Herrera y Tordesillas, Antonio de
HERRERA Y TORDESILLAS, ANTONIO DE
Royal chronicler of Spain; b. Cuéllar, Segovia (Spain), 1549?; d. Madrid, March 27, 1625. In Italy c. 1570 he entered the service of Vespasian Gonzaga (1532–91), Viceroy of Naples, Navarre, and Valencia, who probably recommended him to King philip ii of Spain. Herrera's account of Portugal and the conquest of the Azores in 1582–83 (Madrid 1591) was completed in 1586. Herrera translated Giovanni Minadoi's Historia della guerra fra Turchi e Persiani, 1576–85 (Venice 1588), and in 1589 he published a history of Scotland and England during the life of mary stuart. His translation (Barcelona 1599, Burgos 1603) of Giovanni Botero's anti-Machiavellian study of the State (Milan 1583) and of cities (Venice 1589) was done at the command of Philip II in 1592, and in 1612 Herrera published a work on the disturbances of 1592 in Aragon. His history of the Wars of Religion (see thirty years war) in France (1585–94), from a Spanish point of view, was suppressed on its appearance in 1598, the same year he published an account of the disputes over ecclesiastical and secular jurisdiction in Milan from 1594 to 1598. In 1624 he published a history of Italy from 1281 to 1599. His works, many of which are in MSS in Madrid, include a variety of translations, eulogies, and treatises, which an official might be called on to produce.
Herrera's major work, General History of the Spanish in the Indies in Eight Decades (4 v. Madrid 1601–15; 8 v., Madrid 1726–30; 10 v. Asuncion 1944–47), partially translated into French (1621, 1659–71) and English (1725–26, 1740), which caused a dispute with Juan de torquemada, established a long-lived apologia for Columbus and for Spanish rule in the New World in a detailed but disconnected chronicle of events from 1492 to the conquest of Peru in 1554. It was in great part taken from MSS and published works (some no longer extant) of B. de las casas, Bp. Juan Bernal y Díaz de Lugo (d.1566), Francisco Cervantes de Salazar (1514–75), and other authors, to which Herrera had access after he became royal chronicler, May 15, 1596. The Descripción of the Indies (Madrid 1601), which accompanied the History and has often been reprinted and translated, resembles a text of MS Madrid BN J-15 and has been attributed to Juan López de Velasco, Herrera's predecessor as chronicler.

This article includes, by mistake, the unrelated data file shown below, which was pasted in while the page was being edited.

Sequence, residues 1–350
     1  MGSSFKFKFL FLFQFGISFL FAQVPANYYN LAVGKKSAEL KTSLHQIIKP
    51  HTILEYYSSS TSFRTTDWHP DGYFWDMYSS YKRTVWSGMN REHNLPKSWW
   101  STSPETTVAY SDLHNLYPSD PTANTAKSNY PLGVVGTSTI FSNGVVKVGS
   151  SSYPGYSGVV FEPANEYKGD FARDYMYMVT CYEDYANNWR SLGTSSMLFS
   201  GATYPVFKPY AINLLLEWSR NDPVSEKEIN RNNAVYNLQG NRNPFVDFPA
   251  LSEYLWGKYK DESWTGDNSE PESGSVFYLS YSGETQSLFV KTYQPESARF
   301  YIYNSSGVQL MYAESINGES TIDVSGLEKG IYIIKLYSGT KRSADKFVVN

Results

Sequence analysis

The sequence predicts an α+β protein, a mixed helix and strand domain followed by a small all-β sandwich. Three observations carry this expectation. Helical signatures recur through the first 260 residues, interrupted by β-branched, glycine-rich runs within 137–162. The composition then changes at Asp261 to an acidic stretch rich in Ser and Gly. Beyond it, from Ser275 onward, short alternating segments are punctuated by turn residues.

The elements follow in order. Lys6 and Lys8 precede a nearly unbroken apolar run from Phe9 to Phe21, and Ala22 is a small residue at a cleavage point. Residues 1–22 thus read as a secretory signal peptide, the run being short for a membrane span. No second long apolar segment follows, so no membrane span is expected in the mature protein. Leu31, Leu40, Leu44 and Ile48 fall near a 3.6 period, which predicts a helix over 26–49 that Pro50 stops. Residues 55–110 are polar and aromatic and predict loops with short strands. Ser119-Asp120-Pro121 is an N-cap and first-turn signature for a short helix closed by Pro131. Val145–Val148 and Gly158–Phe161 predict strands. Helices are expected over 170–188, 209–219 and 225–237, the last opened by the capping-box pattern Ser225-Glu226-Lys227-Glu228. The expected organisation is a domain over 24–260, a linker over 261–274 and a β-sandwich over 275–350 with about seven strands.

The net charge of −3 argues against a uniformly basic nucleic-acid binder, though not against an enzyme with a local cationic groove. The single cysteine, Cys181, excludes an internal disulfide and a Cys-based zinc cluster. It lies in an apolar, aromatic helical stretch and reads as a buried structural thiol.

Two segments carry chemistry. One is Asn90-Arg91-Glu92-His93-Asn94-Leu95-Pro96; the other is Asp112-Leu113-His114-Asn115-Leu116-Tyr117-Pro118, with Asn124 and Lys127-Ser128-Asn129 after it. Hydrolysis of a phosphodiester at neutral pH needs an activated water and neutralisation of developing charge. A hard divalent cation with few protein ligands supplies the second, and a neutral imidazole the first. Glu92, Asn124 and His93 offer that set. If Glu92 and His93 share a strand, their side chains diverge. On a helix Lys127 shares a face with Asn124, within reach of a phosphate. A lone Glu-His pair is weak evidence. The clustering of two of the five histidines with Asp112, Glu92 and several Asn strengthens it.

farnese correspondence (ed. C. Pérez Bustamente, Santiago 1934) shows that Herrera c. 1607 extorted money from that family to suppress data about Alexander Farnese (1545–92), Governor of the Spanish Netherlands at the time of the 1588 Armada, in the 3d part of his history of the world of Philip II, 1559 to 1598 (3 v. Madrid 1601–12). This work for the most part depended on Italian historians. At this time Herrera translated two works on the spiritual life. In 16 letters or essays (Madrid 1804) Herrera reveals a critical concern about the basic approach of a historian, whose work encompasses geographical, social, chronological, and national (or genealogical) studies; Herrera would judiciously associate historical truth with the divine and ecclesiastical order. Herrera had financial ties in the New World and with the fugger bankers and in his last years spent much money in fruitless suits for debts. His imprisonment from 1609 to 1611 is shrouded in secrecy.
Bibliography: a. ballesteros y beretta and a. de altoguirre y duvale, annotated ed. of the Descripción and two Decades of the General History …, 5 v. (Madrid 1934–36), has a study of Herrera, b. sÁnchez alonso, Historia de la historiografía española, 3 v. (Madrid 1941–50) v.2.
[e. p. colbert]